There are a plenty of places to help you develop your startup idea or product, but not a lot of places to help you navigate the initial creative process when you are just getting off the ground.
That’s what Orbital Boot Camp is all about.
It’s a 12-week intensive course to help people launch their side projects, where the output is not a demo day, but a public talk on lessons learned. There’s no equity exchange. Students pay to be in the program or are covered by scholarships.
The program provides: a space to work, instructors and coaches who will help students navigate their respective uncertain paths, and a community of like-minded folks who are all in the same boat. It also runs on evenings and weekends, accommodating those with daytime responsibilities.
The proposed projects may end up being funded companies, open source projects, art experiments, or educational programs. They may or may not make money. They may not even live on after the program ends. All of these outcomes are completely valid.
I’ve learned a lot from my short time in venture capital, but there are a few themes that particularly stick out in the context of the Boot Camp:
- The creative process is hard enough as is. To place additional expectations on an idea before it’s born—for example, whether it will or won’t be a venture-funded business—is a distraction and puts the cart before the horse. How your idea eventually sustains itself is indeed an important design consideration, but all of that is secondary to the simple act of figuring out what it is you really have and whether it is really what you want.
- It’s important to respect and appreciate the irrational as much as the rational. I could talk for hours about this topic, from investment decisions to product design, but the crux of it is this: while we may have control over conditions, we have no control over outcomes. It’s important to leave space for things to emerge.
- There’s tremendous value to working out in the open. Enabling people to find you achieves the same result as a strategy where you instead set out to find them. By embracing this philosophy, we are implicitly freeing ourselves from our own unrealistic expectations of having to know all.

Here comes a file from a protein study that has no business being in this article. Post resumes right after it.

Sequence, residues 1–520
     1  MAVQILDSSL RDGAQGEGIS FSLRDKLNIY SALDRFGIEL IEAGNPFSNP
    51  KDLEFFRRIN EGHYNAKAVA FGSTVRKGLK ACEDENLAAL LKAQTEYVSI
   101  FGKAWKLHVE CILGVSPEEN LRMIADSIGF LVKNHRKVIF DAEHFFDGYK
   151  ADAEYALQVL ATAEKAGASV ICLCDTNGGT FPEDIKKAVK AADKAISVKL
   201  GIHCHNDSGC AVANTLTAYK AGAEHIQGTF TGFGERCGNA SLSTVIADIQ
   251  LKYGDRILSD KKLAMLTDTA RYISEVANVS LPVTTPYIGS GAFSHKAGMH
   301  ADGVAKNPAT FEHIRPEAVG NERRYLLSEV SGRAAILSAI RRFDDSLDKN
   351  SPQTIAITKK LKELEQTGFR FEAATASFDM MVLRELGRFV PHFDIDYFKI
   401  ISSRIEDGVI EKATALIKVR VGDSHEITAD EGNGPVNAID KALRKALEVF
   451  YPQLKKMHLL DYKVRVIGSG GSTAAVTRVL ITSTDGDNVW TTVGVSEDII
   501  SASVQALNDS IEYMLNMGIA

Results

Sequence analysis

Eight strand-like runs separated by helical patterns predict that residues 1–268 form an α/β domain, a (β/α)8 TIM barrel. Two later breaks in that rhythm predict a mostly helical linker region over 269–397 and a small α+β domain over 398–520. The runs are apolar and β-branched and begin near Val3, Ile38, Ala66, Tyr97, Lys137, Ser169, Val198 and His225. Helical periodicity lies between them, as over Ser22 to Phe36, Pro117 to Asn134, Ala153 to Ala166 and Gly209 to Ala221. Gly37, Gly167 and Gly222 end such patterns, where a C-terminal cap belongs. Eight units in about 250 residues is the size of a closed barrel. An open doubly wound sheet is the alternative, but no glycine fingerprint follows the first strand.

I’ve designed the boot camp with these considerations in mind. The focus is on the experience rather than the outcome. Success is based on learning rather than achievement. All of this requires that people are willing to engage with each other openly.
While my time at Union Square Ventures has informed the design of the boot camp, what inspires it comes from moonlighting for the past three years teaching Entrepreneurial Design in Liz Danzico’s program at SVA.
(I should note that Entrepreneurial Design itself was inspired by what Christina Cacioppo, the course co-creator and my former Union Square Ventures colleague, and I learned from working at the firm. Everything informs everything.)
The course was designed to help the students understand that in an age of networks, it has become increasingly possible for skilled individuals to realize their own creative ideas rather than solely that of others. The course is best known for challenging students to make $1,000 using the Internet. And that, they have, launching all sorts of projects that satisfied the constraints of the class while also finding a way to express themselves.
It’s been an incredible privilege to teach in the program, but it took me awhile to fully appreciate it.
After moving on from Union Square Ventures in early 2013, then teaching through the spring semester, I did a bit of traveling. In doing so, I shared stories of my students’ feats in countless public talks and private conversations.